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What can you learn from the toughest leadership job on Earth?


Stashed in: Leadership!, @bakadesuyo, Dilbert, Listen!, Decisions, Management, Attitude, Awesome

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Research has been done on the subject — and the tough guy stuff isn’t effective in the workplace:

What worked? Being democratic and listening.

In the harshest conditions you need the softest touch.

The best leaders look to the group for answers:

Crew members didn’t expect a leader to be a superman who had all the answers — in fact, that was a bad sign.

When there was a technical problem they wanted the expert in that area to make the decision.

They wanted policy decisions to be made by the leader — but only after input from the group.

And the only time they really wanted a take-charge, decisive dictator was in times of crisis.

The autocratic, military style doesn’t work in the modern office either:

What’s most people’s biggest problem in the workplace? Hands down — their boss.

Via Hard Facts, Dangerous Half-Truths And Total Nonsense: Profiting From Evidence-Based Management

Researchers have been studying organizational climate for more than 50 years and routinely find “that 60% to 75% of the employees in any organization — no matter when or where the survey was completed and no matter what occupational group was involved — report that the worst or most stressful aspect of their job is their immediate supervisor.”

So even the toughest guys know that being tough isn’t always what gets results.

Read more: http://www.bakadesuyo.com/2013/10/extraordinary-leader/

I'm always amused by the idea of modern leadership and the advice that wafts around it because my grandfather was born in 1858 and my dad in 1910, so I contemplate a different arc of human leadership under adversity and what toughness means.

We live in much different environments today, regarding people's capacity to deal even with minor inconveniences and response to authority, or have any natural ability to exert it.  And so I agree with the above that for today's large organizations and highly skilled teams it makes sense for would-be leaders to listen and be more democratic.  But that's NOT because it's good leadership, it's because of the structure of our current work environments and what will work best in those prevailing cultures.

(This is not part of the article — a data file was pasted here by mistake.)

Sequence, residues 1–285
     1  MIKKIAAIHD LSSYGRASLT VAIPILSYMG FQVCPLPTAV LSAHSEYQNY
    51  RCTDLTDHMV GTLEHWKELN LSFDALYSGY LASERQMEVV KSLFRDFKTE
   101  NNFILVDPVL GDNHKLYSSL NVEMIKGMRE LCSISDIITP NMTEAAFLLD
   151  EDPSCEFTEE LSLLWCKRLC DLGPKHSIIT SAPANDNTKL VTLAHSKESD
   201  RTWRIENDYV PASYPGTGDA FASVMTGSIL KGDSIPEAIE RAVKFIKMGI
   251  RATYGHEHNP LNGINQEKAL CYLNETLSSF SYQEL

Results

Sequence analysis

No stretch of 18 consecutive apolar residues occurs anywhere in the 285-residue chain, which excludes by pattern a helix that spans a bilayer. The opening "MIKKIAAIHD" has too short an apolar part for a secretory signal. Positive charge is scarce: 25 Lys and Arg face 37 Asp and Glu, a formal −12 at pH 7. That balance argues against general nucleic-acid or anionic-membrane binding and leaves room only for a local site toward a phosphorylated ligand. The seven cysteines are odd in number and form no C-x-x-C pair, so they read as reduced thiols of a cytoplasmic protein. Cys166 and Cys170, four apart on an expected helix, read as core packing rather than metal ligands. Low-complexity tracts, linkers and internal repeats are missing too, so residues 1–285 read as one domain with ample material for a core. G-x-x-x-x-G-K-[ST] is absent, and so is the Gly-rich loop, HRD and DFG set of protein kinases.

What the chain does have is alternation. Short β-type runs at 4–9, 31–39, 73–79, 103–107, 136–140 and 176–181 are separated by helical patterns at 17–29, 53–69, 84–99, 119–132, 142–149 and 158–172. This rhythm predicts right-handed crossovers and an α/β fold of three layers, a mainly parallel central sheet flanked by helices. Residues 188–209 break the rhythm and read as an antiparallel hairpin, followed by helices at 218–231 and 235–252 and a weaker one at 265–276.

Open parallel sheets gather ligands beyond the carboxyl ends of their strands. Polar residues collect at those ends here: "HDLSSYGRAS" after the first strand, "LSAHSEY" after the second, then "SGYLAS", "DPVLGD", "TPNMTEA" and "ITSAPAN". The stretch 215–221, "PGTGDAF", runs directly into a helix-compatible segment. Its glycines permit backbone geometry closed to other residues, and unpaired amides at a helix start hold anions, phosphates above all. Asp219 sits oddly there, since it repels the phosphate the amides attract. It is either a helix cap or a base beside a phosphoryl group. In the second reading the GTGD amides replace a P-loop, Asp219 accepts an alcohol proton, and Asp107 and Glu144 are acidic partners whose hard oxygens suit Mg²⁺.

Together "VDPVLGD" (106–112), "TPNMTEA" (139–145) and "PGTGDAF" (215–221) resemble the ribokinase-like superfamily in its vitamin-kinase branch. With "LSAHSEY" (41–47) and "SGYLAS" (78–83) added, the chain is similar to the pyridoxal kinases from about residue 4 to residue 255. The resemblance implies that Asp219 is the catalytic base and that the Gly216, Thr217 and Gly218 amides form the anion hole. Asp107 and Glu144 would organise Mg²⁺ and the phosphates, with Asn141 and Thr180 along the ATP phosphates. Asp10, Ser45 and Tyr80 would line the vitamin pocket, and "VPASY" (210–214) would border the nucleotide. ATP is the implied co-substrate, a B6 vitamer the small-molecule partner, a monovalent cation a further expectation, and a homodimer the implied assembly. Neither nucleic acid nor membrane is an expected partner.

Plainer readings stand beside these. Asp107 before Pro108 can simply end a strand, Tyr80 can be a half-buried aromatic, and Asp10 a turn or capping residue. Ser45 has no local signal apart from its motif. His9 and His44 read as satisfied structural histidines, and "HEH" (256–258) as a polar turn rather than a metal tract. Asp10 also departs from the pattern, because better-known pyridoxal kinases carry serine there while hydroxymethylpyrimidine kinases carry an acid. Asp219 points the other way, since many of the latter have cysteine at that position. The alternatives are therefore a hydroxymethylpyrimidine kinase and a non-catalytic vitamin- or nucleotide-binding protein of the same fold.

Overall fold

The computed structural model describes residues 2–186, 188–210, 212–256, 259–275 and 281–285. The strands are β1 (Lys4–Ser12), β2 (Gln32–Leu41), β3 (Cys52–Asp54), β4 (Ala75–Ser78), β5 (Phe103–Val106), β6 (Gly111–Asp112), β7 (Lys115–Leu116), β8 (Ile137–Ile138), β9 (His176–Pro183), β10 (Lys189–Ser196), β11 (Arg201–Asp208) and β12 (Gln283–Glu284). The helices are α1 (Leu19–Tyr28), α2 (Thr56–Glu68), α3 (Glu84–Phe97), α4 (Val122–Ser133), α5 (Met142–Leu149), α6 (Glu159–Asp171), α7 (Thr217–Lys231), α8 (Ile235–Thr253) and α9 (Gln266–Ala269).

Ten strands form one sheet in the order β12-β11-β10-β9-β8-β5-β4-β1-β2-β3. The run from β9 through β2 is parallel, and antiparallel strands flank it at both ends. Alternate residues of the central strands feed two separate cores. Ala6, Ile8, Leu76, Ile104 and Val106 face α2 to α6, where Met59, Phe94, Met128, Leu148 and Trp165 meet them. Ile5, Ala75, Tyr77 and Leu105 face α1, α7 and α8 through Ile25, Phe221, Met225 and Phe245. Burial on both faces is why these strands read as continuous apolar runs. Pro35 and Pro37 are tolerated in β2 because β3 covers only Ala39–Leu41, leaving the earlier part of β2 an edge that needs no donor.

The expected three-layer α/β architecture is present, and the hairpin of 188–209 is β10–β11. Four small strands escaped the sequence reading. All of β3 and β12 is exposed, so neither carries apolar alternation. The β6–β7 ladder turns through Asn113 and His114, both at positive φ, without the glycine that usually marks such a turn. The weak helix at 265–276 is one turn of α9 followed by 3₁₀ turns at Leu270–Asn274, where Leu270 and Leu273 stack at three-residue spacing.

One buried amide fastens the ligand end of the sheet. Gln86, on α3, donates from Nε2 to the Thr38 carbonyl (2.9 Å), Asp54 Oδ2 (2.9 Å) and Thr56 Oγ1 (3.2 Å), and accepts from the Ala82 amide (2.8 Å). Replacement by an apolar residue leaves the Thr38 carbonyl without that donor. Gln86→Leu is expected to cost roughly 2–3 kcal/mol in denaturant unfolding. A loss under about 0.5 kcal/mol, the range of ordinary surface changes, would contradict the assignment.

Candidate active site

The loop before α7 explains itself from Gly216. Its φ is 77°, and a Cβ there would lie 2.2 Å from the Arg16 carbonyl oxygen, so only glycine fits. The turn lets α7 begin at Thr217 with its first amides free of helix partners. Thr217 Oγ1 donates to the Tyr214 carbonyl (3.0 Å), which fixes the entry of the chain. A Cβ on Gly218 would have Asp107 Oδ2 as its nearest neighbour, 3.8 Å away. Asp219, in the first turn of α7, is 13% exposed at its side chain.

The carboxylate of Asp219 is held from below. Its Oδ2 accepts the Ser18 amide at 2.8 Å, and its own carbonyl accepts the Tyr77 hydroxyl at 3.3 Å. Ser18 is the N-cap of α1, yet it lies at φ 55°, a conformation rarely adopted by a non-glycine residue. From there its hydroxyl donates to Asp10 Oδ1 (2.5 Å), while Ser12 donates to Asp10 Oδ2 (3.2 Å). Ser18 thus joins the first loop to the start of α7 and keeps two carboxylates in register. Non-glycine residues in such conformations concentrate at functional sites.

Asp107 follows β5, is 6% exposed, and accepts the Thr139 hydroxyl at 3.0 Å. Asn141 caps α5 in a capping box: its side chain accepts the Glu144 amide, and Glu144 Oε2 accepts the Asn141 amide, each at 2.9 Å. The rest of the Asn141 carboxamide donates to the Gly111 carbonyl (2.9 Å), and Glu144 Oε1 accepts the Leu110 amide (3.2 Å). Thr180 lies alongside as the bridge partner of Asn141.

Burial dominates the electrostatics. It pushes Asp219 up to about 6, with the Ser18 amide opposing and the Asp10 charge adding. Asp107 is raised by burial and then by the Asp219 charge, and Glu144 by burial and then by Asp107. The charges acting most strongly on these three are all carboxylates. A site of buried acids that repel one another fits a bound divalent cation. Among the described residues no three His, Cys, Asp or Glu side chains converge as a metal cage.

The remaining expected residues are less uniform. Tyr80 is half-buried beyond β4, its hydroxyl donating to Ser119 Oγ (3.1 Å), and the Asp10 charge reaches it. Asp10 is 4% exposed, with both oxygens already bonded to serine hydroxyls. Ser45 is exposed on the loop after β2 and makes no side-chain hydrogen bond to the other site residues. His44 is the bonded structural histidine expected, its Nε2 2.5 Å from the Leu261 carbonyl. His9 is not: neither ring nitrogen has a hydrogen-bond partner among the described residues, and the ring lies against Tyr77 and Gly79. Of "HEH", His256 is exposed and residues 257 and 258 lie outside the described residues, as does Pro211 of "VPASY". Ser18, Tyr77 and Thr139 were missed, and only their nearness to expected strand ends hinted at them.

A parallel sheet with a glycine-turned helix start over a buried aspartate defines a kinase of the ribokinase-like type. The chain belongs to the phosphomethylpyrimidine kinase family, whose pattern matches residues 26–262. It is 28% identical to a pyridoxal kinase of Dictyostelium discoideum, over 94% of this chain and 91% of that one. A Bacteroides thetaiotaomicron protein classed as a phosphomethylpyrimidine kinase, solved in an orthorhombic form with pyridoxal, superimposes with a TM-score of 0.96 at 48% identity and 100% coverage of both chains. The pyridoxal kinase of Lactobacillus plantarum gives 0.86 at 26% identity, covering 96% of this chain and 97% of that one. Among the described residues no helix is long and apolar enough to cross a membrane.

I don't think we can find the above lessons as suggested, either from Antarctic isolationism or any similar research, as the definition of "toughness" and then apply such anachronisms whole hog in today's organizational management under less stressful environments, or especially in work places where people retain an effete culture of bitching around the water cooler and car pooling home everyday: Antarctica is just not the same operating environment, personnel structure, daily risks or expected payoffs as is today's modern company or startup.

Let's just consider Ernest Shackleton's incredible success to immediately realize what real leadership is and we can discover more about toughness and operational authoritative control that works better than any democratic or soft listening skills purported to work in such "toughest" environments...

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...especially once you start reading the journals and accounts and looking at the evidence about what that toughness is...

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So tough environments do matter, as well as the type of people one recruits to do something in them, regarding the type of leadership skills that work in them.  And those toughness elements abided by Shackleton and his men sort of blows the whole researched modern day Antarctic lesson of the ice station listening style and the "jolly well let's all get along and have a vote on it" administration style right out of the water--by orders of magnitude.  

But then really, what modern organization can we actually suggest has it tough today?  What would-be leader today could ever claim to even being worthy enough of carrying Shackleton's bags regarding any decisions they had to make and consequences weighed by risks they had to contend with day in and day out...?  Toughness is as toughness does...  

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For chrissakes, most organizational leaders idea of toughness today is arbitrating whether or not one team gets to stock the lunch room with almond milk or organic dairy creamer... or maybe who gets to move into the office with the window... and in that case, sure, then just listen and let them vote on it and go pet those sulkers that lose out.

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